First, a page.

‘Happy Hypoxia’ Might Not Be Such A Mystery After All in COVID-19 Patients

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‘Happy Hypoxia’ Might Not Be Such A Mystery After All in COVID-19 Patients

When patients started showing up at the hospital with dramatically low oxygenation levels but few outward signs of dyspnea, dubbed ‘happy hypoxia,’ treating clinicians were flummoxed. Now, a new study provides some explanations for the phenomenon, with authors saying they hope the new information will keep patients from being unnecessarily intubated and ventilated. Here are more details.

MAYWOOD, IL — Earlier in the COVID-19 pandemic, physicians were baffled by patients who presented with extremely low levels of oxygen, life-threatening in some cases, but showed no obvious difficulty in breathing.

A new study published online by the American Journal of Respiratory and Critical Care Medicine provides a better explanation for silent hypoxemia, which was dubbed “happy hypoxia.” The authors from the Hines Veterans Affairs Hospital and Loyola University of Chicago Stritch School of Medicine suggest their information could help prevent unnecessary intubation and ventilation in patients during the current and expected second wave of coronavirus.

Lead author Martin J. Tobin, MD, an Edward J. Hines Jr. VA Hospital pulmonologist and critical care specialist, and professor at the Stritch School of Medicine, said the condition "is especially bewildering to physicians as it defies basic biology. In some instances, the patient is comfortable and using a phone at a point when the physician is about to insert a breathing (endotracheal) tube and connect the patient to a mechanical ventilator, which, while potentially lifesaving, carries its own set of risks."

The small study, which included 16 COVID-19 patients with very low levels of oxygen – in some cases as low as 50%, compared to normal blood oxygen saturation of between 95 and 100% -- but without dyspnea, determined that "several pathophysiological mechanisms account for most, if not all, cases of silent hypoxemia.

“It is possible that coronavirus has an idiosyncratic action on receptors involved in chemosensitivity to oxygen, but well-established pathophysiological mechanisms can account for most, if not all, cases of silent hypoxemia,” the authors write, adding that those mechanisms include:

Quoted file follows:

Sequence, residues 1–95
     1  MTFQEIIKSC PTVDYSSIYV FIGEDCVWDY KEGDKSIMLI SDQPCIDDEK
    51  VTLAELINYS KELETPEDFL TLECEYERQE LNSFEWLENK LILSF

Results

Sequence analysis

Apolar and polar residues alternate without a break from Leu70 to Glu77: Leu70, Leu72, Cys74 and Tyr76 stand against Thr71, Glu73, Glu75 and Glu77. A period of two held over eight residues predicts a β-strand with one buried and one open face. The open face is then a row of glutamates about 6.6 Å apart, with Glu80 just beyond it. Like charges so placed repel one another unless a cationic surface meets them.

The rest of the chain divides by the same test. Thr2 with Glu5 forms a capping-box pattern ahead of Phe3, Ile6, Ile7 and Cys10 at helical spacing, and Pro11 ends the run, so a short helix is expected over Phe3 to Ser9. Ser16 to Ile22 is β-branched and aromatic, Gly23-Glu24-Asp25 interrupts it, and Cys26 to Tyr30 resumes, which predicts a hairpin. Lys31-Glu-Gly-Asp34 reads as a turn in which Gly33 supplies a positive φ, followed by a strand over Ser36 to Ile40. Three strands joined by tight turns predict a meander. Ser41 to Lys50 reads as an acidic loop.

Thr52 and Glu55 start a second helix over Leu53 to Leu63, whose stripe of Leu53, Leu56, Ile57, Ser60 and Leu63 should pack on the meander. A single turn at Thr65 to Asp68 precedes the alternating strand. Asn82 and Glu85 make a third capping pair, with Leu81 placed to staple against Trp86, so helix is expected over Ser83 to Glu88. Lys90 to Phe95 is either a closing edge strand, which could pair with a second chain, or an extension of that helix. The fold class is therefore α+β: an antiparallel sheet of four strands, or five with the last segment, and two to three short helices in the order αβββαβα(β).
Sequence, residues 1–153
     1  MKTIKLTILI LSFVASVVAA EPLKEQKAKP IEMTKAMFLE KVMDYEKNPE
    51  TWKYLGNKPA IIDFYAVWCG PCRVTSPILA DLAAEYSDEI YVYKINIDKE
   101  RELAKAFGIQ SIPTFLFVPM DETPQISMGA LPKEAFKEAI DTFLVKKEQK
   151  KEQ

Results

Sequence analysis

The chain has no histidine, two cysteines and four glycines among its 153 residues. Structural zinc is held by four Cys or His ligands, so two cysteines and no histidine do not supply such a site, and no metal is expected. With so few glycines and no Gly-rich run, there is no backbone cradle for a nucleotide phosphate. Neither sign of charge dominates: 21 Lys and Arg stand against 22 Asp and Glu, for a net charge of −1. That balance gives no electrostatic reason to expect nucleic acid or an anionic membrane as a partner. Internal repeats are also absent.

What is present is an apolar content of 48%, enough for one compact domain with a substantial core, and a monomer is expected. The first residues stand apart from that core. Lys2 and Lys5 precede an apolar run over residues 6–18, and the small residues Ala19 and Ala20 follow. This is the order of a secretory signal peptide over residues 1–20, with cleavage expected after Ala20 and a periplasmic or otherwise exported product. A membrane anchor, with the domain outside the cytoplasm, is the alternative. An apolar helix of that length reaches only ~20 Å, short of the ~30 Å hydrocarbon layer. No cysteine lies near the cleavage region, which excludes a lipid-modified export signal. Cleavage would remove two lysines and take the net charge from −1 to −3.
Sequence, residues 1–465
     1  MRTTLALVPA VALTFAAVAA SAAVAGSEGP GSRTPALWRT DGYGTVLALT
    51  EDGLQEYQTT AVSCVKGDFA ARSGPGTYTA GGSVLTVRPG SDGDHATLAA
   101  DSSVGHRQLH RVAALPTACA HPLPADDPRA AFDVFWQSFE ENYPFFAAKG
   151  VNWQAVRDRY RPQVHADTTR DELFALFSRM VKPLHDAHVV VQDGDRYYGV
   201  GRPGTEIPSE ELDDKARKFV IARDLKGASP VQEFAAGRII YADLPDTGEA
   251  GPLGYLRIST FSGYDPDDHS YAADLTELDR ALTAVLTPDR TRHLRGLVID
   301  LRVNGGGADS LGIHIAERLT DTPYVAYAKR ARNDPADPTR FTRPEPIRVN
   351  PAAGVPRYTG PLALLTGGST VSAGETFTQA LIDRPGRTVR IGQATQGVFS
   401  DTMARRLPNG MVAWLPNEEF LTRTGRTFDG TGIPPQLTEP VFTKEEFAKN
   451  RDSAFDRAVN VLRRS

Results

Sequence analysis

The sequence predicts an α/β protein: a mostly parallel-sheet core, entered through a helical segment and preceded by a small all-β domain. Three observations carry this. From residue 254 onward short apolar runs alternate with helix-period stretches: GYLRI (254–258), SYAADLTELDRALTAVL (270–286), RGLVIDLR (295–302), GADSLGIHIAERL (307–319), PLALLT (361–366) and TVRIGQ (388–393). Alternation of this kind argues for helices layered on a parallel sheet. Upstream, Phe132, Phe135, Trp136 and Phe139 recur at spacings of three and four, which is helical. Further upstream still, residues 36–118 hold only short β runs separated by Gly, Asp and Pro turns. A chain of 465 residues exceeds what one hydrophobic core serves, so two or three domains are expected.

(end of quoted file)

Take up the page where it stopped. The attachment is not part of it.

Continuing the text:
• How dyspnea and the respiratory centers respond to low levels of oxygen,
  • How prevailing carbon dioxide tensions (PaCO2) blunt the brain’s response to hypoxia,
  • The effects of disease and age on control of breathing,
  • Inaccuracy of pulse oximetry at low oxygen saturations, and
  • Temperature-induced shifts in the oxygen dissociation curve.

“Without knowledge of these mechanisms, physicians caring for hypoxemic patients free of dyspnea are operating in the dark—placing vulnerable COVID-19 patients at considerable risk,” researchers conclude, adding that “features about COVID-19 that physicians find baffling become less strange when viewed in the light of long-established principles of respiratory physiology; an understanding of these mechanisms will enhance patient care if the much-anticipated second wave emerges.”

One focus was the initial assessment of a patient's oxygen level with a pulse oximeter.

"While a pulse oximeter is remarkably accurate when oxygen readings are high, it markedly exaggerates the severity of low levels of oxygen when readings are low," Tobin points out. "Another factor is how the brain responds to low levels of oxygen. As oxygen levels drop in patients with COVID-19, the brain does not respond until oxygen falls to very low levels--at which point a patient typically becomes short of breath.”

Another factor was that low levels of carbon dioxide, which was seen in more than half of the patients, can minimize the effects of extremely low oxygen levels.

"It is also possible that the coronavirus is exerting a peculiar action on how the body senses low levels of oxygen," Tobin suggests, nothing the high numbers of COVID-19 with taste and smell affected.

"This new information may help to avoid unnecessary endotracheal intubation and mechanical ventilation, which presents risks, when the ongoing and much anticipated second wave of COVID-19 emerges," Tobin said.

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